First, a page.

"show" / onShow - Called on the region instance when the view has been rendered and displayed.

from Marionette Region Docs

This does not present us a full picture of why, when, and how we should use these methods.

What the docs should say


onRender() was a misleading term for me. "onRender", I said to myself, "The sounds like it would be invoked when DOM elements have been rendered by the browser."


onRender() gets triggered when the View's DOM subtree is prepared for insertion into the DOM but before those elements are viewable. Putting code in the onRender function of your view will NOT guarantee that you will have jQuery access to these newly created elements.


The onShow() method is used in the context of Layouts and Regions. A Marionette Layout may have many "Regions" that will later be populated with sub-Views. These sub-Views are instantiated when a Layout invokes its region's .show() method with the View to be rendered.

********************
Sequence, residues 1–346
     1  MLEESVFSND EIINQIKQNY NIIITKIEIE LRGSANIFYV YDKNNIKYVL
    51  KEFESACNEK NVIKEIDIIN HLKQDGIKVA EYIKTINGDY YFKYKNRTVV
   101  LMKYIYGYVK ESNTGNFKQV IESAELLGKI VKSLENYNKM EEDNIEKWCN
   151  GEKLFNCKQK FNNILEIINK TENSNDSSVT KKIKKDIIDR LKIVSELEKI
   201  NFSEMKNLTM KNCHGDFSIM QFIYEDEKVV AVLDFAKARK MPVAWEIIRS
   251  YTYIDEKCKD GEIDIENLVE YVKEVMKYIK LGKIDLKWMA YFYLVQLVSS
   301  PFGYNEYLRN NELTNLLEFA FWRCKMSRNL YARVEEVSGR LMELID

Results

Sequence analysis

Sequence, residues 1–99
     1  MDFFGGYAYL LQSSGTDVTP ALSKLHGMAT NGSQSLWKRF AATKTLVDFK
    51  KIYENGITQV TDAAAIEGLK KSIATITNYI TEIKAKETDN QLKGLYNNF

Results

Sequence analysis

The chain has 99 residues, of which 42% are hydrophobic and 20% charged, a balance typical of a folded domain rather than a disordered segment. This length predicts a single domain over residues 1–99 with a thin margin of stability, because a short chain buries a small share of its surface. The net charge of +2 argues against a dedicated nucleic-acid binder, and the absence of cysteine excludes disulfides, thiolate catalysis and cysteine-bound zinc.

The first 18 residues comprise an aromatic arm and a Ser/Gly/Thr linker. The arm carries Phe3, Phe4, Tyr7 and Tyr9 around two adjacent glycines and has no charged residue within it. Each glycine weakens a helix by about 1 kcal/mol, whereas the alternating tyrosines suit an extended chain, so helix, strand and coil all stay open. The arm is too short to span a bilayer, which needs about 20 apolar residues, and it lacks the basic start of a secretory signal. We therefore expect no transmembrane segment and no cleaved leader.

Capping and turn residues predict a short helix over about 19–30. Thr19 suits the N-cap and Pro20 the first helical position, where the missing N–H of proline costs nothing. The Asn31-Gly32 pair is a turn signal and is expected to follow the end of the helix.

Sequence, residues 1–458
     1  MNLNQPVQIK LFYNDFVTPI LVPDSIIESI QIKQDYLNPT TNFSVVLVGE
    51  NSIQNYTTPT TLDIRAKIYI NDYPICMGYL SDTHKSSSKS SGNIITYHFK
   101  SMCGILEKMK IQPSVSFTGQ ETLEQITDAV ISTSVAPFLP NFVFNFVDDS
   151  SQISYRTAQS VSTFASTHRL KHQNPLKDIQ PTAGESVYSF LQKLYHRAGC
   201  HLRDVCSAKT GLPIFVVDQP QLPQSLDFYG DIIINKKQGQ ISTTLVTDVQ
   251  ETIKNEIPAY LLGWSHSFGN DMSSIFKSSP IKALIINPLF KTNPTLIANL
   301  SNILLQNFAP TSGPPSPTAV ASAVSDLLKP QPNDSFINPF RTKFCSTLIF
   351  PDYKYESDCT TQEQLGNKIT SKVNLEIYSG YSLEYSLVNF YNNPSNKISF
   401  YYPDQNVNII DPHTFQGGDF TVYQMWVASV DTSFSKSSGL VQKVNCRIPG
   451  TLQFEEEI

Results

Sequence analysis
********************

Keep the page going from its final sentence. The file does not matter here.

When .show() is invoked, the DOM subtree for that sub-View is constructed and inserted into the DOM. A "show" event then triggers any code in the onShow() methods in both the Layout and the sub-View.

Proper Use

Code in onRender() will be executed reliably every time this.render() is called by the view. You should include code that needs to be called every time you would update that View. onRender() does not assure you jQuery access to the View's DOM elements. Code that relies on DOM elements should be in the onShow() method.

Code in in both the Layout and the sub-View's onShow() methods will be executed every time someRegion.show(subView) is called by the Layout. The Layout may not call .show() every time you update that sub-View. Code that needs to be run on every rendering should be in the sub-View's onRender().

Improper Use

The triggering of onShow() methods will behave unexpectedly if you do not handle handle nested .show() method calls carefully. Below is a diagram of a concrete example of deeply nested layouts and views that illustrate this: